Look in the Mirror for Justice
Depending on where you are in the world this may or may not be on your nightly news, but in Asia the two big economic superpowers, China and Japan are at it again. This most recent conflict of interests stems from a new Japanese history book that the Chinese say fails to admit the extent of Japan’s World War II atrocities. The Chinese claim the book distorts facts and attempts to beautify and deny Japan’s aggressive assaults throughout Asia in the 1940s and earlier. Now this word "atrocity," which I’ve seen used on numerous occasions to describe the actions of the Japanese may be justified. However, this word which means an act of unusual or illegal cruelty inflicted by an armed force on civilians or prisoners is used in the context of the past.
Unlike the ongoing and present day "atrocities" the Chinese government have been inflicting upon Tibetans for over half-a-century.
According to recent reports, 20,000 protesters paraded in two cities in southern Guangdong on Sunday, with some targeting a Japanese department store in Shenzhen, one day after angry demonstrators threw rocks, eggs and plastic water bottles at Japan’s embassy and ambassador’s residence in Beijing. It’s really hard to sympathize with what I believe are primarily staged protesters given a green light by their government to do whatever they wish in order to create a public relations out-cry. At least when Tibetans around the world protest for freedom and basic human rights, we do it peacefully with some civility. It’s completely ridiculous that a communist government that mutes its own media and people in order to print what it chooses – believes it has the authority to tell another free democratic country what to write in its own history books.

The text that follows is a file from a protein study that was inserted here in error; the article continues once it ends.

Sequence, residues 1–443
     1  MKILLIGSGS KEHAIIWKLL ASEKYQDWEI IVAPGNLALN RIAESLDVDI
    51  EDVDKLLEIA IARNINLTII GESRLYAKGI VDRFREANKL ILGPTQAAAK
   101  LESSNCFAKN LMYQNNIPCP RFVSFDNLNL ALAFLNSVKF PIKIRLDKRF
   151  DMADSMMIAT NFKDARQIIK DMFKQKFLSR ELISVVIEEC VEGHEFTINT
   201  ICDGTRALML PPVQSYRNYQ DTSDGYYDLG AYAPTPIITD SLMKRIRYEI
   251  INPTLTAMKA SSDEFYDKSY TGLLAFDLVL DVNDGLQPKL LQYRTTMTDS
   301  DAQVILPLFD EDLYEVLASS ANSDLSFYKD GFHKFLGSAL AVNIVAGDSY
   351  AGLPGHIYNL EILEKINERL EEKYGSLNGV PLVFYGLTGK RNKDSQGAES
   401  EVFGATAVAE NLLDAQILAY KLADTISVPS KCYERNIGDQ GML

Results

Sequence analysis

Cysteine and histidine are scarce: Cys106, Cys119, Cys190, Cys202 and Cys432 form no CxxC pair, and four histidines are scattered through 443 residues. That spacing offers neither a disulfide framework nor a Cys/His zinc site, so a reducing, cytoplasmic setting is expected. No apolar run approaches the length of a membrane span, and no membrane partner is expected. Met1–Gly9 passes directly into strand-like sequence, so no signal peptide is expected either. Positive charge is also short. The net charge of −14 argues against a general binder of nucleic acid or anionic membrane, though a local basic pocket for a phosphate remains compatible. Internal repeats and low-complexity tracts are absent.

If this was a hundred Tibetans in Tibet protesting that the Chinese government accurately account for the thousands of innocent Tibetans killed by the Chinese in Chinese textbooks – there would be arrests, followed by imprisonment and torture.
For those Chinese that are protesting wildly in the streets for what you believe to be atrocities of the past, I’ve got a message for you. Look in the mirror and deal with the present first!
Note: This opinion I wrote was published in The Daily Yomiuri, Japan’s National English newspaper.
TV is now showing on primetime national news on Pro TV – the leading
commercial channel in the country – footage of Chinese soldiers killing
at least one, probably two, Tibetan asylum seekers, plus a long
eyewitness interview. You can see it at http://www.protv.ro. It’s the lead
item and takes up the entire home page. A Romanian TV cameraman was
among the 50 or so mountaineers at Cho Oyu Advanced Base Camp who saw
View this atrocity!!